ter of John Deere, inventor of the steel plow. A shiny model of a Deere tractor is displayed at the winery. In 1989, Landmark relocated to the scenic foothills of Sugarloaf Ridge, where it also began a new era of grape production and winemaking. Our host, Deanna Holzapfel, led us on a leisurely tour through the gardens, under large shade trees and to the airy tasting room, dominated by a towering mural, a whimsical depiction of a bug’s eye view of a vineyard. Visitors can stay overnight in a guest cottage or suite; both offer restful views of Sugarloaf Ridge. Landmark wines, often named for people and places dear to the Deeres, are listed among the Top 100 in WineMaker magazine. Visit www.landmarkwine.com for

more information. When to visit Napa/Sonoma is debatable. Summer weekdays are best to avoid crowds; the crush-rush (September/October) is exciting; and the post-crush days of November yield vineyards of crimson, orange and gold. All of these wineries host special events, concerts, tastings and tours throughout the year, so check their websites. For an excellent, detailed, wineproof map of Napa, Sonoma, Russian River, Healdsburg and Alexander valleys, visit www.mapeasy. com/products.cfm?location =61 . Next column: Wine country food. E’Louise Ondash is a freelance writer living in North County. Tell her about your travels at eondash@coastnewsgroup.com.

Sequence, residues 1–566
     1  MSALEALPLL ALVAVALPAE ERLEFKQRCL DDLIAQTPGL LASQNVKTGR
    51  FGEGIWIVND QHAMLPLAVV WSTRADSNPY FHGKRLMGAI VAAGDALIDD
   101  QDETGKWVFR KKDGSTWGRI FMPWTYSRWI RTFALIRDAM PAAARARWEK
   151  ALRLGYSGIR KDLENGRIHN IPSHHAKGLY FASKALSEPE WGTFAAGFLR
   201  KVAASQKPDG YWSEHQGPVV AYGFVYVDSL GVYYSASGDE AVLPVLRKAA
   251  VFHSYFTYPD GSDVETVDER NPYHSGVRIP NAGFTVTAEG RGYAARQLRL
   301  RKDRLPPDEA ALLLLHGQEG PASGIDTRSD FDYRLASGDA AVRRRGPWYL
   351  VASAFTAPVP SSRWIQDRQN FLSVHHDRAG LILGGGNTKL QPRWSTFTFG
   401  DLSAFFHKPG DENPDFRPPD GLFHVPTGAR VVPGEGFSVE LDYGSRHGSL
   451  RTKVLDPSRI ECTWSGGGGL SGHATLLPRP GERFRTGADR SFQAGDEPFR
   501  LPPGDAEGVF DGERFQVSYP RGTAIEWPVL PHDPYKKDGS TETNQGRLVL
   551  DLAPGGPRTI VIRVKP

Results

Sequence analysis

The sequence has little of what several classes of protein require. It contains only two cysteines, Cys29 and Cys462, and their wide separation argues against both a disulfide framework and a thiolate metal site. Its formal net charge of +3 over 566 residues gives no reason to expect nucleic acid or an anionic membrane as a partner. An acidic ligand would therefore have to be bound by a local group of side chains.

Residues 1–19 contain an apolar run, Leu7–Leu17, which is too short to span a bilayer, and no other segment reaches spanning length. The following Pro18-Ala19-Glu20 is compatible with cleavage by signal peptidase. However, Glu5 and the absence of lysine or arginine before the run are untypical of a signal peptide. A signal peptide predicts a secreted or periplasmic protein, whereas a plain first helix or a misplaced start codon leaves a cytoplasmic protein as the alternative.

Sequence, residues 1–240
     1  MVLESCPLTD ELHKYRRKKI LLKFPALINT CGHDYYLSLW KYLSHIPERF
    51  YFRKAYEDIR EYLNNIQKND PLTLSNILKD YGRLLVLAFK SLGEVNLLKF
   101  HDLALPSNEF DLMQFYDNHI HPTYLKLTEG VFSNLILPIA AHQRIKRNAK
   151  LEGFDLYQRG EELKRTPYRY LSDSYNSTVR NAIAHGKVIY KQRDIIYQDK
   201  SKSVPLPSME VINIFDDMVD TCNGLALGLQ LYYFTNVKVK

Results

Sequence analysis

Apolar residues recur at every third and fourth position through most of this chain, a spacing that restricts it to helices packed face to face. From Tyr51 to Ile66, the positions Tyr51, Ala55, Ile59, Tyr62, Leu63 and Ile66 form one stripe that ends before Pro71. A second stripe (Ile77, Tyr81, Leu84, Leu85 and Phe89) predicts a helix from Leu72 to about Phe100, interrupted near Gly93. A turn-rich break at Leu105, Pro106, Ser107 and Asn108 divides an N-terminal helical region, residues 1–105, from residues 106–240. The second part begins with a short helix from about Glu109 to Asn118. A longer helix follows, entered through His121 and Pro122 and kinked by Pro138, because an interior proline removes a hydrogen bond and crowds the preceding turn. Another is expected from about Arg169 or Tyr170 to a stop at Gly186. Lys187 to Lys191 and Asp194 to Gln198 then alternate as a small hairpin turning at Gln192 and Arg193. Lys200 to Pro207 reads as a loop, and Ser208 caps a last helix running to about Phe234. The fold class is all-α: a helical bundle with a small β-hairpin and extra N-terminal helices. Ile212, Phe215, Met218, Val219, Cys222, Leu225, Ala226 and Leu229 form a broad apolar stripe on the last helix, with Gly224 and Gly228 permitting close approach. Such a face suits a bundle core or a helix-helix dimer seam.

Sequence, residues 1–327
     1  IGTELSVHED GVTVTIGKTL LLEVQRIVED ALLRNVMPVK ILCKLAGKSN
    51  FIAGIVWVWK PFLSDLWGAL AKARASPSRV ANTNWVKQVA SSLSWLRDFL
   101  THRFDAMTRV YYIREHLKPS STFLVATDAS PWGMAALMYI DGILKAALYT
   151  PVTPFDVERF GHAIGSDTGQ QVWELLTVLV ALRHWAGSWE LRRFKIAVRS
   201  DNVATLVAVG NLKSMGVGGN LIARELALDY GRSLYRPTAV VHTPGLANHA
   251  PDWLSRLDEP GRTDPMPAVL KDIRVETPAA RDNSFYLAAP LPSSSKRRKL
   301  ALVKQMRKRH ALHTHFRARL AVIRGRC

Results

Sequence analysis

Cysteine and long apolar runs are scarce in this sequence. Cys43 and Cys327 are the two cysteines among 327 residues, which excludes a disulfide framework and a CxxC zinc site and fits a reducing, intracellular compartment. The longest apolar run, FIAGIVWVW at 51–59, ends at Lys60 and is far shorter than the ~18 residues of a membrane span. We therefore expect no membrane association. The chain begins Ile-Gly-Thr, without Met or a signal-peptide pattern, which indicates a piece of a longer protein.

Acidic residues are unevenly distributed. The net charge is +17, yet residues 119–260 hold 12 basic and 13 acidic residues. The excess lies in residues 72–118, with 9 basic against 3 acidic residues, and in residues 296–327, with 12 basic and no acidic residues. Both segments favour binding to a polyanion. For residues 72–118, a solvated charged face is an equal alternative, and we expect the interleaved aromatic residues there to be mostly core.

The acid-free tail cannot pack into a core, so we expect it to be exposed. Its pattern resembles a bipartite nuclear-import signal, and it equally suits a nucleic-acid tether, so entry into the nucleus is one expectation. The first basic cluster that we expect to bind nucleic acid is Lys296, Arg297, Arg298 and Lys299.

BUST A MOVE Five-year-old Roman Bolkovski of Solana Beach rocks out to an original tune by The Smart Brothers. Natalia Bolkovski said she comes to the Concerts in the Park “pretty much every Thursday” with Roman and his BABY’S FIRST CONCERT Santaluz residents James and Cassie twin brother, Alex. Photo by Weatherhead treat their first child, 8-week-old Kinsley, to her first concert. Photo by Bianca Kaplanek Bianca Kaplanek

he said. “And I can reinvent items that have been sitting in the back of a closet.” For example, he said he can turn an old, stained shirt with sentimental value into a custom handbag. About three years ago, Corral began teaching private art classes to developmentally challenged young adults. Eventually that expanded into group lessons. “I was really impressed by their work,” he said. “I share with them my techniques. But sometimes they teach me things.” Student artwork is displayed and available for purchase in the gallery.The open studio allows patrons to view art as it’s created by Corral and his students. Re-Gallery is a joint venture with Del Mar resident Andris Baltins, whose son, Nick Baltins, is one of Corral’s students. “We had a vision to educate the community to use reusable art,” Corral said of his partner. Nick Baltins, whose has Down syndrome, is also an ambassador for the gallery. He visits other businesses in the Cedros Design